FLY ING C OLOURS
EXECLINER CONVERSION PROGRAMME BEGINS
Flying Colours Corp had been around since 1989, and
completed plenty of interior projects, including its first
Challenger 601 refurbishment and modification in
1992. However, its ExecLiner programme, launched in
2005, saw the company jump from 5,000-10,000-hour
refurbishments to projects in excess of 25,000 hours.
Since launch, 34 CRJ200s have received the treatment.
The programme was devised initially for an Indian
client, as a clever way to get around the fact that there
was a four-year wait at the time for Bombardier
Challenger 850s. Flying Colours instead stripped
the regional airline interior from a Bombardier
CRJ200, installed a VIP interior and developed
an STC for an auxiliary fuel tank.
“It was basically starting from scratch
from an engineering and build standpoint,”
says Eric Gillespie, executive vice
president at Flying Colours. “It was a huge eye opener
for us in terms of workscope and workload, and the
amount of people needed.”
Demand for the model took off. “We had anywhere
from 10 to 20 of these projects at one point, and
customers all over the world,” says Gillespie.
This led to the 2009 acquisition of JetCorp Technical
Services in St Louis, Missouri. “We were bidding on
the same project and they came to us wanting to buy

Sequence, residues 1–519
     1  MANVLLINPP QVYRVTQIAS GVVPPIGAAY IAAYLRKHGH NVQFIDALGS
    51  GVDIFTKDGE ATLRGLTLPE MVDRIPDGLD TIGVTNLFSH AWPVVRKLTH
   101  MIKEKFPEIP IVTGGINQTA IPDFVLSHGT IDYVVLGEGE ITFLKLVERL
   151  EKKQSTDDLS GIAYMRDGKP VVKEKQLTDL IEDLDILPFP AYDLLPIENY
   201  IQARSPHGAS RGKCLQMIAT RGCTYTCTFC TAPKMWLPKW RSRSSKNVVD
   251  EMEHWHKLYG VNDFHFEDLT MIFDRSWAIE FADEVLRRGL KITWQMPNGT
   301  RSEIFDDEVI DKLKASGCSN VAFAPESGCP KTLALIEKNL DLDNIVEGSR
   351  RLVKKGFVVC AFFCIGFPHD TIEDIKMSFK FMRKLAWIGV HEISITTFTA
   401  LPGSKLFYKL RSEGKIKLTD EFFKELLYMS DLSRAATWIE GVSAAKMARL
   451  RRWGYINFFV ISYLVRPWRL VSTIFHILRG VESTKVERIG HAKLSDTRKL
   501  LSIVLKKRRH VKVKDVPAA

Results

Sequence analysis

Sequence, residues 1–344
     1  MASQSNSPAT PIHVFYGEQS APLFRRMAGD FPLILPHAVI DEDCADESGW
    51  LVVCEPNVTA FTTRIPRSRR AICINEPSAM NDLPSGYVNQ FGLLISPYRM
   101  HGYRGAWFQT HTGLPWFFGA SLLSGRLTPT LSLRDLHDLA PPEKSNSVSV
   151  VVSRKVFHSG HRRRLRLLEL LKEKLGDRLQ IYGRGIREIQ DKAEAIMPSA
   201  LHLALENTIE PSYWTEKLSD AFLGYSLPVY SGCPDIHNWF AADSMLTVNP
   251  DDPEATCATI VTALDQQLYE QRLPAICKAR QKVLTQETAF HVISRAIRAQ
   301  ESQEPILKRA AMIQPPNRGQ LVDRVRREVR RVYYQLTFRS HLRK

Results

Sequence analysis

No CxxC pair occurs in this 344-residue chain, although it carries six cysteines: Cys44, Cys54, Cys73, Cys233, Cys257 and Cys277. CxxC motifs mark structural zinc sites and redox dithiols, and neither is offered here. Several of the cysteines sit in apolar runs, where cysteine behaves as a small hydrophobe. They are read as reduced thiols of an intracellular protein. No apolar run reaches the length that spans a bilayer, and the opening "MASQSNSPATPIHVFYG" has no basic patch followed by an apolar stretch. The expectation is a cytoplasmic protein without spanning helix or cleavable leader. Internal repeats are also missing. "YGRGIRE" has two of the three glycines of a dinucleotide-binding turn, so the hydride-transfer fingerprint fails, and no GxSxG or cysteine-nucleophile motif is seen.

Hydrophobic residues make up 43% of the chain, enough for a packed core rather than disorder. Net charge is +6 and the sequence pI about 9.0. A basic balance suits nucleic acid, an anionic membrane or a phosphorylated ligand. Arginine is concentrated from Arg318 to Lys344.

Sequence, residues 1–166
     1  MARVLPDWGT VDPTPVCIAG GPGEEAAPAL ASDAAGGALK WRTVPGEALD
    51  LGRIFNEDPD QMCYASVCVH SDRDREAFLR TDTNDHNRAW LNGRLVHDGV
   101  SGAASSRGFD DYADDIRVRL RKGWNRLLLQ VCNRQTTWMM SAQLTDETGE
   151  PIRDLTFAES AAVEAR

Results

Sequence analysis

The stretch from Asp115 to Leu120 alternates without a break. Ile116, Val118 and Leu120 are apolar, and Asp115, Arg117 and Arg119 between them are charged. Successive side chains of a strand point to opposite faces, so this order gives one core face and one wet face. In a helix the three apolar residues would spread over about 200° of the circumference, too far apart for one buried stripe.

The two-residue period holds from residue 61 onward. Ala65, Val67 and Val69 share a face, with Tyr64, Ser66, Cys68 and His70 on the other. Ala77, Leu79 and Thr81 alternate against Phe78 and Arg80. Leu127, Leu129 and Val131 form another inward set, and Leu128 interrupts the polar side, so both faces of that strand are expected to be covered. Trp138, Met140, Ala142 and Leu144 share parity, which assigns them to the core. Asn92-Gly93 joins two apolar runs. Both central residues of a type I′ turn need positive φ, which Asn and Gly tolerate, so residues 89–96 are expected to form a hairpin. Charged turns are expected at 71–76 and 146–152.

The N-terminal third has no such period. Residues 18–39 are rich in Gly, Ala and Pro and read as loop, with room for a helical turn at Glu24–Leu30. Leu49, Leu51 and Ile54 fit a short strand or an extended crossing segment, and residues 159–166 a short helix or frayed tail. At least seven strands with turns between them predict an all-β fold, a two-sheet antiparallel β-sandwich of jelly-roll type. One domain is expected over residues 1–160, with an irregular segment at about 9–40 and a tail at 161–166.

the fuel system,” says Gillespie. “We couldn’t keep up
with demand, while their parent company was having
financial issues. So we bought the company and they
took overflow on the CRJ programme.”
JetCorp’s maintenance expertise married nicely with
Flying Colours’ refurbishment experience, which Gillespie
says enabled both facilities to grow and led to the
completion of larger jets.
TAKING ON CHALLENGER 850 COMPLETIONS
The CRJ work grew into Challenger 850
completions. Flying Colours delivered its first full
green completion on the type in 2008, from its
headquarters in Peterborough, Ontario, Canada.
At that time, customers could buy the green
aircraft from Bombardier and have the interior
completed at the centre of their choice.
Flying Colours has completed 15 such
aircraft, and the last five were done directly for
Bombardier. “That took us to another level with
Bombardier,” says Gillespie. “The relationship
has grown over the last decade; it’s been one
thing after another. You can try to plan as much
as you can, but some of this you can’t plan for.
We’re very entrepreneurial in responding to what
customers want. That’s why customers like
Bombardier like us, because we’re flexible and
can do unique installations. That’s very much
at the core of our business.
Gillespie says Flying Colours still sees
some interest in CRJ conversions, and a lot in
Challenger 850s. One of the original completions
is now back in St Louis for refurbishment.
The company is
now building its largest
facility yet – another
hangar in Peterborough,
Canada, which will be able to
accommodate airliners, and
also includes a fourth